This month, in honor of Our Lady of Guadalupe, we’re doing a three-part post on the story of Our Lady of Guadalupe, her miraculous image, and the two shrines dedicated to her in Mexico City and La Crosse, Wisconsin. This story is so rich in detail and fascinating facts, I encourage you to read more about it in Mary of the Americas, A Handbook on Guadalupe, The Story of Our Lady of Guadalupe Empress of the Americas, or Our Lady of Guadalupe and the Conquest of Darkness.
The year was 1531, 39 years after Columbus “discovered” America, ten years after Cortés led the conquest* of the Aztec empire at Tenochtitlan (Mexico City) and seven years after Franciscan missionaries began ministering to the locals, including Juan Diego, who was among the first to be baptized a Catholic. Fifty-seven-year-old Juan was a simple and good man whose wife had recently died, and who was caring for his sick uncle. On December 9th, the Feast of the Immaculate Conception**, Juan was crossing Tepeyac Hill on his way to Mass, when he heard heavenly music and a beautiful voice calling out to him, “Juanito! Juan Diegito!” Juan, unafraid, approached the beautiful lady. When she asked where he was going, he said he was going to Mass. She said,
“Know for certain, least of my sons, that I am the perfect and perpetual Virgin Mary, Mother of the True God through whom everything lives, the Lord of all things near and far, the Master of heaven and earth. … I desire very much that they build my sacred little house here, in which I will show Him. I will exalt Him in making Him manifest: I will give Him to the people, in my compassionate gaze, in my help, in my salvation, because I am truly your compassionate Mother. I am your merciful mother, the merciful mother of all of you who live united in this land, and of all mankind, of all those who love me, of those who cry to me, of those who seek me, of those who have confidence in me. Here I will hear their weeping, their sorrow, and will remedy and alleviate all their multiple sufferings, necessities and misfortunes.”***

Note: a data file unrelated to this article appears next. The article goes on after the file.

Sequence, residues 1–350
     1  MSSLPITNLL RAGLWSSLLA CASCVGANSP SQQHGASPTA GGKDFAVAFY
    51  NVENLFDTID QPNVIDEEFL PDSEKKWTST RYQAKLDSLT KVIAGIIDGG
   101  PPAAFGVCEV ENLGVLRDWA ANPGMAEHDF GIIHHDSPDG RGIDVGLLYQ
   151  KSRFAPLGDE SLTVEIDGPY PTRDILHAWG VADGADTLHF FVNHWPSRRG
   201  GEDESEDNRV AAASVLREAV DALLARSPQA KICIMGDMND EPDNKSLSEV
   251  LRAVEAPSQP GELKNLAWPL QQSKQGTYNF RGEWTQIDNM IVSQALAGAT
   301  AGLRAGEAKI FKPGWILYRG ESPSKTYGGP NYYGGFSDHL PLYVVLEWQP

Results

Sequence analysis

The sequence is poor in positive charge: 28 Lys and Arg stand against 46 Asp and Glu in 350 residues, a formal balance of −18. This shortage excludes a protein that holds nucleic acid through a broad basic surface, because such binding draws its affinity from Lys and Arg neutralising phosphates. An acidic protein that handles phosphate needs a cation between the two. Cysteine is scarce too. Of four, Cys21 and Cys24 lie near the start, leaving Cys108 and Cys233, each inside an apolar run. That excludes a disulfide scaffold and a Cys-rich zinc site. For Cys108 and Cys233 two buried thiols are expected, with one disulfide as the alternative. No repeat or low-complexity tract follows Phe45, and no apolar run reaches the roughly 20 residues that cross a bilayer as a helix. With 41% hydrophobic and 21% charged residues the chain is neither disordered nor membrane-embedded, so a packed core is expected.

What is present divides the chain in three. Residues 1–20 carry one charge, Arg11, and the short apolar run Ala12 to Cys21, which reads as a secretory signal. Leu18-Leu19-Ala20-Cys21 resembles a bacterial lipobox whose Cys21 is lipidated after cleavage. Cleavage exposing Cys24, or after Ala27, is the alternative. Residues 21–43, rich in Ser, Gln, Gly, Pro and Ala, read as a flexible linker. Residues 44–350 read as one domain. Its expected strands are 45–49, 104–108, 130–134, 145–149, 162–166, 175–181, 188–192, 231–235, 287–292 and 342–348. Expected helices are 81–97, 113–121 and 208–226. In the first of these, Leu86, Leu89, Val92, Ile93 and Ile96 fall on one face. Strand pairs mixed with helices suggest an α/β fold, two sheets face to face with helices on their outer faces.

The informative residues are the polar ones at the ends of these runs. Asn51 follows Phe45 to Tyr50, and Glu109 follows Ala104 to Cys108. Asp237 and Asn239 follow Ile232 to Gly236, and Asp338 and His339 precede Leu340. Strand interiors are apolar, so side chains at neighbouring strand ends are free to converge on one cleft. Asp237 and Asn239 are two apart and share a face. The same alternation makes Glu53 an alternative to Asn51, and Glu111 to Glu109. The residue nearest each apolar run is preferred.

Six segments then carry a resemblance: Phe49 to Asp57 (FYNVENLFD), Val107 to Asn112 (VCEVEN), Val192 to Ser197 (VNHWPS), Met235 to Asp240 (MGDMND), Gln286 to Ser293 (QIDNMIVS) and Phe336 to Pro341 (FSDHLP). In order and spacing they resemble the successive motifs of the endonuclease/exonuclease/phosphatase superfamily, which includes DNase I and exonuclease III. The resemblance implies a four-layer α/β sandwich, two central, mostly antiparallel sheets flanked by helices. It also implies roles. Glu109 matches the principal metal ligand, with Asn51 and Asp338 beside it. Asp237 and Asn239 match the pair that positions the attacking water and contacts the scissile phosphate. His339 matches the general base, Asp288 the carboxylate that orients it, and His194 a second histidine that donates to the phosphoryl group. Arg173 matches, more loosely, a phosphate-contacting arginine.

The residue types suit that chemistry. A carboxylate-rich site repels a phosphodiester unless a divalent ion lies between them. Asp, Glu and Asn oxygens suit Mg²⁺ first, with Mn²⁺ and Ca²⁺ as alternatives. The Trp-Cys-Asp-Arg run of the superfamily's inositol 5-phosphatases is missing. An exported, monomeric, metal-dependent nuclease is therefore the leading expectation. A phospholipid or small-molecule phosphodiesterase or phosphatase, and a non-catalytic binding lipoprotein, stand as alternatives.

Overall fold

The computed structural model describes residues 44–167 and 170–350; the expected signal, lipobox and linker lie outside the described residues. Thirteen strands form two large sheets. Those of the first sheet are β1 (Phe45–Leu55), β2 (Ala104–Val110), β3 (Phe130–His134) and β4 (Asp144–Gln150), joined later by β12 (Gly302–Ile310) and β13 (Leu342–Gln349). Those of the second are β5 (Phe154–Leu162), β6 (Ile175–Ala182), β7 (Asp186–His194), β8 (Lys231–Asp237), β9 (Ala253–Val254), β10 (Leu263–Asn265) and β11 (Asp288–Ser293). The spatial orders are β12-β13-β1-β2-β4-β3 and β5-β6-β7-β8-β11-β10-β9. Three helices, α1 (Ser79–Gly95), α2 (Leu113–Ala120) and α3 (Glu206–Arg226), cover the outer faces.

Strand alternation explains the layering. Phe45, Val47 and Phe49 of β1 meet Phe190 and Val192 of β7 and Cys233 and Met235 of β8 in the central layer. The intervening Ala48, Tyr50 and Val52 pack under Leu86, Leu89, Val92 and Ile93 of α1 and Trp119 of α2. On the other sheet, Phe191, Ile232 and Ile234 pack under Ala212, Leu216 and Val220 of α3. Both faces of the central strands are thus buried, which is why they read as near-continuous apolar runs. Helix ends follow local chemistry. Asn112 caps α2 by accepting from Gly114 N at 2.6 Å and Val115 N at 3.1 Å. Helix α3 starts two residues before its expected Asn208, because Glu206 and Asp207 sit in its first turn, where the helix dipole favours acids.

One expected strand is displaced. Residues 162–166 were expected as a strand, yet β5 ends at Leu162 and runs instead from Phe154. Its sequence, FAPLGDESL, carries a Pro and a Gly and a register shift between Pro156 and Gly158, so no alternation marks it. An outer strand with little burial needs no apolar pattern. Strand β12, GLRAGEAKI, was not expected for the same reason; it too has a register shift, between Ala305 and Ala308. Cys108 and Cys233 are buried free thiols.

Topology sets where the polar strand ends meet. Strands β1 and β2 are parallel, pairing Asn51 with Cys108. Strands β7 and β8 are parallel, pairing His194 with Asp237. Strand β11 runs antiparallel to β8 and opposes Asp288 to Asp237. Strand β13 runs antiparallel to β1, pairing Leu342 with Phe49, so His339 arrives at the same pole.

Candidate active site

Mary told Juan to go to the palace of the Bishop in Tenochtitlan and tell him what he had seen and heard, and to exhort him to build a temple in her honor. Juan did just that; but, although Fray Juan de Zumarraga had just been praying to the Blessed Mother for help in uniting the people of the land, Juan Diego’s story was… well… hard to believe. He listened to Juan kindly and sent him on his way, withholding judgment but feeling many reservations.
Juan felt like a failure. Back on Tepeyac Hill, he told Mary what had happened. “I beg you, my holy one, my Lady,” he implored, “to choose one of the noblemen who are well known, revered and respected to undertake this so that your words will be believed. It is true, I am only a poor man. I am not worthy of going where you send me. Pardon me, my Lady and my Child, I do not wish to make your noble heart sad. I do not want to displease you.”
The Blessed Mother looked on him with compassion and said,
“Hear me, my son. It is true that I do not lack servants or ambassadors to whom I could entrust my message so that my will could be fulfilled. But it is important that you speak for me in this matter, tired as you are.”
Juan returned to the Bishop the next day, but the Bishop was getting annoyed. All he had was Juan’s word; how could he trust him in such a serious matter? He told Juan to ask the Lady for a sign. Juan left, assuring him that he would get one from the Queen of Heaven.
Mary promised Juan that she would give him the sign he needed the next day, but when Juan returned home, he found his uncle sick to the point of death. Juan spent the next day caring for his uncle, forgetting his meeting with Mary. The morning of December 12th, as Juan hurried to the city to find a priest to give his uncle the Last Rites, he remembered his missed meeting and felt ashamed. He decided to take another route, hoping to avoid an embarrassing meeting with Mary, but she met him at the bottom of the hill. Juan fell to his knees and begged forgiveness. He wasn’t trying to hurt her feelings or ignore her wishes, but his uncle was so sick, and he had to get a priest!